Monday, December 14, 2009

A nice man out of uniform

Wednesday wasn’t that funny, not compared to the rest of the week and weekend:

We were standing by the globe, «the new symbol of unity» in Copenhagen the other day. The place has been filled with cops for days. We treat them like flies and basically ignore them. They want their presence to be intimidating, but it isn’t, not to us, not when we are used to seeing these nice people with clubs and shields in their hands, and their heads covered by a huge protective helmet.

The uniformed thugs, the current Gestapo is visible. They have a presence in the streets, as they like to call it.

But that isn’t enough for them. A lot of the tyranny’s soldiers trail us out of uniform as well. If they aren’t intelligence or something they are usually easy to spot, though. They aren’t very bright, and they are lousy actors. We don’t allow ourselves to be bothered by those flies either, unless they become really troublesome.

And sometimes we have a lot of fun with them, and on rare occasions, such as this one, we get the opportunity to really enjoy ourselves.

He called himself Karl. Karl wasn’t new. He had stuck around for weeks, and we could almost feel his excitement, his bold desire to take the next step, and be the hero of all his Gestapo comrades.

After he had barked against his comrades in arms for some minutes to impress us he asked if he could join us at our squatted house. We shrugged and told him our home was open to everybody, playing along.

These encounters usually go like this: They know that we know that they know that we know it’s them.

Or something to that effect.

I noticed that he paid me a lot of attention out of the corner of his eyes. He seemed very determined today. I felt a little queasy, but I was a little bored, and decided to play along, to give him rope.

He stuck to me like glue, eager in his condemnation of his secret pals, like he would always be one of the first to throw stones at protests. As I said he isn’t that much of an actor and doesn’t really want to be either. Like all members of Gestapo he enjoys his power, and without the ability to exercise it he is nothing.

The two of us slowed down, walking a little behind the others. They would soon disappear ahead if we didn’t pick up speed. I felt alone, just for a moment.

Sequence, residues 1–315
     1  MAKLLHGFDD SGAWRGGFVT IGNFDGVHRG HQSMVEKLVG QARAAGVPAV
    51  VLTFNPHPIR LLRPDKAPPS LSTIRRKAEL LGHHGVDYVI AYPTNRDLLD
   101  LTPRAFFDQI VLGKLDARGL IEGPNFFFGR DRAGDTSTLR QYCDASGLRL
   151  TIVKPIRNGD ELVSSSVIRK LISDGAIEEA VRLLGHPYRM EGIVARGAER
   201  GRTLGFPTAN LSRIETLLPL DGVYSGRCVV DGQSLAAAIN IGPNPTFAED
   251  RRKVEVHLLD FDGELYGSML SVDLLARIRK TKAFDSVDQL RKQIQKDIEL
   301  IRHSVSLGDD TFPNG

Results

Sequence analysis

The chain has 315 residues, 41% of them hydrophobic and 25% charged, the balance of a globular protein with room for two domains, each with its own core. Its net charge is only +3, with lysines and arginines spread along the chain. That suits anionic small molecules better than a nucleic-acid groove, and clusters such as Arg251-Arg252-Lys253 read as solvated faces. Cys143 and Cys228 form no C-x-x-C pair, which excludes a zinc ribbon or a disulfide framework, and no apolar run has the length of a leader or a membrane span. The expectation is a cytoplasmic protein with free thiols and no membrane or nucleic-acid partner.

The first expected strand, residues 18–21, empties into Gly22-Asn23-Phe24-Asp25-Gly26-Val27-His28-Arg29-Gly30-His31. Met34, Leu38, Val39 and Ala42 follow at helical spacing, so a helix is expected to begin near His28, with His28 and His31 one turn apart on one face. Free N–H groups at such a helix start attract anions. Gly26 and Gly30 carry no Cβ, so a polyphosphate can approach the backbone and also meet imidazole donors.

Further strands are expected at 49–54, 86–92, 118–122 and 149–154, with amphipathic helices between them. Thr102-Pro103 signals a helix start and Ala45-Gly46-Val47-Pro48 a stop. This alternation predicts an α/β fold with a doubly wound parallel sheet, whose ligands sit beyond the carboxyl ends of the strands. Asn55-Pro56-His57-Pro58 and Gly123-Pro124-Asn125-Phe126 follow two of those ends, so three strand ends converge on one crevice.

- You aren’t doing anything special tonight, are you?

- I guess not, I shrugged.

The others turned a corner. The two of us couldn’t see them anymore.

We walked through a dark alley. He grabbed me and pushed himself at me.

- What are you doing? I chuckled.

- Just stand still, he breathed in my ear. – Stand still, goddamnit. You would want to be a good girl, now.

I tried to pull free, but he held me hard.

He tried to kiss me on the lips. I turned my face away from him. He grabbed my head and made a serious attempt at keeping it in correct position from his point of view.

I heard steps. He did, too, when he saw me look behind him.

- He wants you to be nice to him, Lotte said, her voice thick with sarcasm.

The poor guy suddenly seemed to get it, to notice everybody else standing around. I don’t want to think too much about what would have happened if they hadn’t been here.

- I think it’s about time to put a stop to this, now, I told the scowling man calmly. – Don’t you agree?

It ended quickly, almost before it began. His scowl changed to a snarl and he pulled away, walked off, and faded into the city night. «Karl» stopped existing there and then, and we wouldn’t see him again, except behind a helmet visor and shield and a raised club.


This is only one of many encounters between us and the Gestapo in the Copenhagen streets. Day in and day out they do their best to entertain us, to keep us on our toes.

2 comments:

  1. I'm glad your friends were there and you had your head about you.

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  2. One needs ones head and feet and hands these days and nights, that's for sure, especially against those who are supposed to protect us.

    ReplyDelete